Max Stedman has unfinished business at the Rás Tailteann.
The 22-year-old returns to the eight-day Irish stage race on Sunday after a crash and subsequent illness forced him to cut his debut short last season.
Stedman arrives in Drogheda on the back of an impressive spring, which included a superb breakaway ride on the Tour de Yorkshire’s Queen stage.
And he is determined to deliver success for Canyon Eisberg in the gruelling UCI 2.2 contest, which climaxes in Skerries on Sunday, May 27. The climber said:
“I feel like I’m far more prepared this year. I have a lot more stage-racing experience, I feel stronger and more ready for it.
“I certainly feel like I have some unfinished business. Staying upright first of all and finishing the race would be good!
“It will be the longest race I have ever done. It’s a hillier one this year, too, so I am really excited for it.
“We have a good team, a really strong team. We have all bases covered and I can’t wait to get started.
“It would be nice to win something for the team, whether that is a stage or a jersey.
“I think the under-23 classification is definitely a goal and maybe the race overall. We’ll just have to wait and see.”
Stedman has already circled stage seven, from Carlow to Naas, as one which may suit his talents.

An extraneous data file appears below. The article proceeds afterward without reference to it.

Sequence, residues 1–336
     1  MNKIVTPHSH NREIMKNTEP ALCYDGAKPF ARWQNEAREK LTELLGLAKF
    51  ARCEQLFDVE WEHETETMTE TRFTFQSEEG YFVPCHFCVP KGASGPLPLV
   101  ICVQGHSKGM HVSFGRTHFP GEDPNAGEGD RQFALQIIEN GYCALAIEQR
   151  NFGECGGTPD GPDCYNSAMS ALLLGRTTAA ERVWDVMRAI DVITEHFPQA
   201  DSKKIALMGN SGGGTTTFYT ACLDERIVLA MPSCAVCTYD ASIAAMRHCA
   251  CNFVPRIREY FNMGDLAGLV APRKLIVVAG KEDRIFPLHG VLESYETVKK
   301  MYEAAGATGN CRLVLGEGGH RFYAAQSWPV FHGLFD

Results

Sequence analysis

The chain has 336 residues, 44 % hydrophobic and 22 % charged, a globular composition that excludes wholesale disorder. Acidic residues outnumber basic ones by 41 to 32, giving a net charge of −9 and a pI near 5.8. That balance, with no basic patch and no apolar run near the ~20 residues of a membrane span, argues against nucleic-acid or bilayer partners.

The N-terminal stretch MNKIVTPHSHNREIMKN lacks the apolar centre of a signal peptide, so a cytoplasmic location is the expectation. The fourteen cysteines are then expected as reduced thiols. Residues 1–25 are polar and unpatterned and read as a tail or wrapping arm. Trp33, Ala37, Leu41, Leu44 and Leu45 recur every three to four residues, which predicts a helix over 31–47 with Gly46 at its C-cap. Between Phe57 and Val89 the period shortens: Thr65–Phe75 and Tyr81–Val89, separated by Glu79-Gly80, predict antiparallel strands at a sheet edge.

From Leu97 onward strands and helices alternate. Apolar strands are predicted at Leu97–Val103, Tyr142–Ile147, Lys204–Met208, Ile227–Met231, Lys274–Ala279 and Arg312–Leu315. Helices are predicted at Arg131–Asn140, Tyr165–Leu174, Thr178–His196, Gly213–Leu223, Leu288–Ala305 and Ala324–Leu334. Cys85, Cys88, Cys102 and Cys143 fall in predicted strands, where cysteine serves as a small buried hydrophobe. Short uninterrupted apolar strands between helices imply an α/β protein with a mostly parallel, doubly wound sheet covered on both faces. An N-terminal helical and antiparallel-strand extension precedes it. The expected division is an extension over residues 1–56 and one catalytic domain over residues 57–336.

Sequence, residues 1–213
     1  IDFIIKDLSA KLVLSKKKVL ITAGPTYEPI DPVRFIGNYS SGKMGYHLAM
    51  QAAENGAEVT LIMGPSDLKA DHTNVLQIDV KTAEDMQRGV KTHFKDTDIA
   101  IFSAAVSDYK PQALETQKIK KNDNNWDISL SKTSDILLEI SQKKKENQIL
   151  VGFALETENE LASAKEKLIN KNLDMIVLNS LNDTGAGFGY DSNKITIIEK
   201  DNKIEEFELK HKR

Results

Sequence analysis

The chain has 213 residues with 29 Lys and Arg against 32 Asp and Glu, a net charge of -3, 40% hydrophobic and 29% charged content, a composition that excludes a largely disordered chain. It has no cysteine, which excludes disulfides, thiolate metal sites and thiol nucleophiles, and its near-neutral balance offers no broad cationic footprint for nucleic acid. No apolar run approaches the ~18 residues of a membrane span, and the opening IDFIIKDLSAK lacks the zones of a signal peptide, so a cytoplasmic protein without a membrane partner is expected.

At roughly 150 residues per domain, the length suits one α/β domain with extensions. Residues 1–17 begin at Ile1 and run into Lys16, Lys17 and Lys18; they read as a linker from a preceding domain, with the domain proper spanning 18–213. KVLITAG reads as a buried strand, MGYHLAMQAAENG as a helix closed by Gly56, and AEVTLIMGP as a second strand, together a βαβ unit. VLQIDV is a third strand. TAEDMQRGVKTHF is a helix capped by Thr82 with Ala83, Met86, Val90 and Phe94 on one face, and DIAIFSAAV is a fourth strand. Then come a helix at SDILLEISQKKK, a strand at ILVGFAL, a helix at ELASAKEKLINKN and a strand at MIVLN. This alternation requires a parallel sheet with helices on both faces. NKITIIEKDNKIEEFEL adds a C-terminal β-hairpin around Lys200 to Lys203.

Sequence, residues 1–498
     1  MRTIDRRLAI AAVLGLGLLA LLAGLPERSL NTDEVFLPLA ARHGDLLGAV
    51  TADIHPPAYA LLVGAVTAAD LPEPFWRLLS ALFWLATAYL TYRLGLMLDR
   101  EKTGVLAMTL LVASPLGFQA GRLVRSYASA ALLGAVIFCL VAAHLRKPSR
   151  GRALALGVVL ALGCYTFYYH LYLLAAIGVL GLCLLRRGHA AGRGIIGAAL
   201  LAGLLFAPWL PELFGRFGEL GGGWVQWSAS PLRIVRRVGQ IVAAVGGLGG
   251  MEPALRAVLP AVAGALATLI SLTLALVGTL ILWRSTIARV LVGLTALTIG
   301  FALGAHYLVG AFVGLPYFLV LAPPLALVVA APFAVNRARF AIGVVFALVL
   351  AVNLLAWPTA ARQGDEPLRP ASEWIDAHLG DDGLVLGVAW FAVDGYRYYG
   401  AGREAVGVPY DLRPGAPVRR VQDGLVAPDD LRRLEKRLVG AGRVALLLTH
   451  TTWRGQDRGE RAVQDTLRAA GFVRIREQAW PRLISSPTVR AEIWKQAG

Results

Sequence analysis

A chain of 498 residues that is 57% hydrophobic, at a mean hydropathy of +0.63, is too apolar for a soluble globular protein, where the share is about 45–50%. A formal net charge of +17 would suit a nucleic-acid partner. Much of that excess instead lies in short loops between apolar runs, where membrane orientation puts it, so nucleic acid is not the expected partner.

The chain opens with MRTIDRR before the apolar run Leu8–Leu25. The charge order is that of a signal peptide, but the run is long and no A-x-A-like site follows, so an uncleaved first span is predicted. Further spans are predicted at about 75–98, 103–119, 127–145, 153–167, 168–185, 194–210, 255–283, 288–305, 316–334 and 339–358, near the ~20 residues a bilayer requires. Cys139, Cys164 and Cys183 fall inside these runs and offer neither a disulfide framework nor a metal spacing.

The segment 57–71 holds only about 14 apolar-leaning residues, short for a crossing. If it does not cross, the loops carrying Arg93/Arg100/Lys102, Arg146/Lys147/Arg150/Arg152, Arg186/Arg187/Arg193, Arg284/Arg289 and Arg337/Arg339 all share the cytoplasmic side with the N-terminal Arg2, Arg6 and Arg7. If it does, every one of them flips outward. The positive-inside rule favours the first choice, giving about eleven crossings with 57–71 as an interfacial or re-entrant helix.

Eight categorised climbs feature in the 141km route, including the category one ascents of Drumgoff and Wicklow Gap.
The 153km fourth stage, from Listowel to Glengarriff, is also likely to see a shakedown among the general classification hopefuls.
However, with five-man teams offering little by way of control, every day on the Rás will present a challenge.
Stedman led Canyon Eisberg’s overall hopes at the Tour de Yorkshire only for a mechanical on stage three to scupper his charge.
While he felt bad as James Lowsley-Williams was forced to pick up the mantle, the University of Exeter rider was handed the rare opportunity of a day up the road on stage four.
And he made the most of it, only missing out on the mountains jersey to breakaway companion Stéphane Rossetto, of Cofidis, who produced the ride of his life to win solo.
Stedman has no hard feelings, though. And now the dust has settled, he reflects on the race fondly. The Berkshire-born climber added:
“It was a mega experience. I don’t often get given the chance to get in a break because I’m usually going for GC for myself and the team.
“So it was really cool and having watched it back I’m really happy. To be first through all those crowds was something amazing.
“There were points when I doubted myself. When I got spat on Park Rash I thought maybe I’m not cut out for this.
“But when it kept coming through on the radio that this guy wasn’t getting caught, I thought okay he was just on an outrageous day. I didn’t feel so bad then!
“The training in March and April has clearly paid off. My goal was to be consistent and so far things have gone as well I could have hoped.”
To date, Stedman has finished fourth overall in the Spring Cup, having placed sixth in the Chorley Grand Prix, 11th in the East Cleveland Klondike Grand Prix and seventh at the Lincoln Grand Prix.
He climbed to 18th on stage two of the Tour de Yorkshire, mixing it with World Tour stars such as Greg van Avermaet on the Cote de Cow & Calf summit finish.
All that on the back of his maiden UCI triumph at the Tour of Quanzhou Bay in China in December, when he won stage two and the general classification.
Look out on Facebook and Twitter at 7pm this evening for confirmation of the five-man Canyon Eisberg team for the Rás Tailteann.